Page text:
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Heat Loss

James Day_2
James Day_2 Member Posts: 191
Hey guys,

   I am looking at a boiler replacement job.  The current boiler is 220,000 btu.(Oil).  It is zoned with zone valves and has an indirect hot water tank.  The house is 4700 sqft.  Has most of the old single pane w/storm windows.  Customer insulated all outside walls a few years ago with blown in insulation.   I did a heat loss using my program and it comes up with 95,000 btu heat loss.  This seems a little light to me.  Do you think my calculations could be correct for such a large house?  Thanks,  James


  • icesailor
    icesailor Member Posts: 7,265
    Heat Loss:

    No, that doesn't sound high to me. In fact, it sounds high. If you did an accurate heat loss, and you covered your bases, I think you will be OK. Some others may not agree but I have never had a problem with those kind of numbers. But I haven't seen the house.

    If you are comfortable with your numbers, run it back and leave out the insulation. You will be surprised at how much more radiation you need and a larger boiler.
  • Charlie from wmass
    Charlie from wmass Member Posts: 4,314
    Depends on where the house is

    the region dictates the boiler needed. Long Island needs a smaller boiler than northern Vermont.
    Cost is what you spend , value is what you get.

    cell # 413-841-6726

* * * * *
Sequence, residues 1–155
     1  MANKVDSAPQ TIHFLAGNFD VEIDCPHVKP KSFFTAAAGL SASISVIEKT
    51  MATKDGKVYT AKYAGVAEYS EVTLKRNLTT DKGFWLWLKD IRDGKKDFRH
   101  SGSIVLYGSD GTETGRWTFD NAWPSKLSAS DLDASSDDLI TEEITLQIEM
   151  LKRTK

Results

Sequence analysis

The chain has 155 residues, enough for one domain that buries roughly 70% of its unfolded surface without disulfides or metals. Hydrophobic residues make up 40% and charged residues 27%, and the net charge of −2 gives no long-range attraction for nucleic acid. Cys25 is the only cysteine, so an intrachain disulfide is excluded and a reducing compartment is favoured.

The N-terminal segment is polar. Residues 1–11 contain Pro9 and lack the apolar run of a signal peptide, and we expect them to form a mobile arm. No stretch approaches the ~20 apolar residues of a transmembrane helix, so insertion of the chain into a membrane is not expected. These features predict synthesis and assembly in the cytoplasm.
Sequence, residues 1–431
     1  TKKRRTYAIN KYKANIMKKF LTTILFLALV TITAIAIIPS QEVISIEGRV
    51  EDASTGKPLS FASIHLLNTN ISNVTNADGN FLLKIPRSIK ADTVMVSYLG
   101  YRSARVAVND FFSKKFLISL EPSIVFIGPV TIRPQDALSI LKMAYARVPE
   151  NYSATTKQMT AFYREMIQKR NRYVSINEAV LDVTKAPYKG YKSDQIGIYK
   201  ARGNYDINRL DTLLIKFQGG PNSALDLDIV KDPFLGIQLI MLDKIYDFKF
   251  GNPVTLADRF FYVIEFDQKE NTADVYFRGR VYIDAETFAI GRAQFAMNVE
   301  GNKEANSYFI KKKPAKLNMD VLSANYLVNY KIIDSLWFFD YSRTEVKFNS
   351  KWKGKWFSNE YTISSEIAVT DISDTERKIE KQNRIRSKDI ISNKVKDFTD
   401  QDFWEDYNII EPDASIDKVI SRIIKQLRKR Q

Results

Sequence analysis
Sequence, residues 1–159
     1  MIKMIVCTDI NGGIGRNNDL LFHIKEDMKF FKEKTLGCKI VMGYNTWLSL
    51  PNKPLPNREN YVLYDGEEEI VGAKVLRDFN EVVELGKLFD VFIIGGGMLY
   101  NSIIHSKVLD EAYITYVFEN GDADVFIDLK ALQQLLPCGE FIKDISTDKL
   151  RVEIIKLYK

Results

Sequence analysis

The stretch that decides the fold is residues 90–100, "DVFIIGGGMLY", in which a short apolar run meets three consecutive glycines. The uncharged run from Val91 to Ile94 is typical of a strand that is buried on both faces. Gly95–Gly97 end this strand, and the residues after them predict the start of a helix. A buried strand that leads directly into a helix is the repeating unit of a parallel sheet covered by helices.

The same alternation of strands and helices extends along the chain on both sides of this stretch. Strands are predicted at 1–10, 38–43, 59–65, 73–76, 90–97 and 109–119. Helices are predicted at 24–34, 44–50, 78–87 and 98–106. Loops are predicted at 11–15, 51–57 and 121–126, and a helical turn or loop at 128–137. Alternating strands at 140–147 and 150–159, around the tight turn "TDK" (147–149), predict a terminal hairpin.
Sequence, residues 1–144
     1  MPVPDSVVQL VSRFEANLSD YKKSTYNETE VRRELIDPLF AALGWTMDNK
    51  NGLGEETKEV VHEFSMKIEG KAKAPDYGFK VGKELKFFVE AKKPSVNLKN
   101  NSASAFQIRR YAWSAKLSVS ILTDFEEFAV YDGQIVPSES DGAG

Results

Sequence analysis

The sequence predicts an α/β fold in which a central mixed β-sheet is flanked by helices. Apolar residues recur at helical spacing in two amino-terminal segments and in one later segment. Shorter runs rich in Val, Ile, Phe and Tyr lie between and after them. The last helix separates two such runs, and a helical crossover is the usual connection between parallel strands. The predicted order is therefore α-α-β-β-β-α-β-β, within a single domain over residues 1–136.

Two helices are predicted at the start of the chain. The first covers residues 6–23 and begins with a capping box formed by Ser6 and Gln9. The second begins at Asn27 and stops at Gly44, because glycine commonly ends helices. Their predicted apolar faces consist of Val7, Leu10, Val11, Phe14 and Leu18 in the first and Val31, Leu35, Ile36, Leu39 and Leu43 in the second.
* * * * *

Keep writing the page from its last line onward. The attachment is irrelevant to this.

• Trust your numbers

    I'd double check them and maybe have one of your suppliers check your numbers, but 20 BTU's per square foot doesn't sound too far off.

    I think you will be covered, especially on a zoned system.  Typically, all the zones will not call for heat at the same time.
    8.33 lbs./gal. x 60 min./hr. x 20°ΔT = 10,000 BTU's/hour

    Two btu per sq ft for degree difference for a slab
  • James Day_2
    James Day_2 Member Posts: 191
    pick up factor

    would you add any pick up to that number, or would you size the boiler exact to my heat loss?
  • CMadatMe
    CMadatMe Member Posts: 3,086
    Reality Scares

    I agree with the rest of the guys. Sounds ok for a climate using 0 degrees as a design temp. If your not accustomed to doing heat losses past install comparisions take over the thinking. Trust in the numbers. I get contractors telling me all the time I am crazy if I think that house will be comfortable based on the losses I provide them.  Generally 3,000 sqft home is between 36 and 50K depending on the construction based on my experience. Never been bitten in over 20 years doing them.
    "The bitter taste of a poor installation remains much longer than the sweet taste of the lowest price."
  • icesailor
    icesailor Member Posts: 7,265
    Heat Loss:

    Same here in over 35 years.
  • NRT_Rob
    NRT_Rob Member Posts: 1,013
    same here

    but I am concerned about single pane windows. that basically doubles your window load and you should consider the impact on infiltration as well.

    as long as you are treating those two things appropriately, I'd go ahead. 20 BTU/sq ft average for a big home is a very high load.
    Rob Brown
    Designer for Rockport Mechanical
    in beautiful Rockport Maine.
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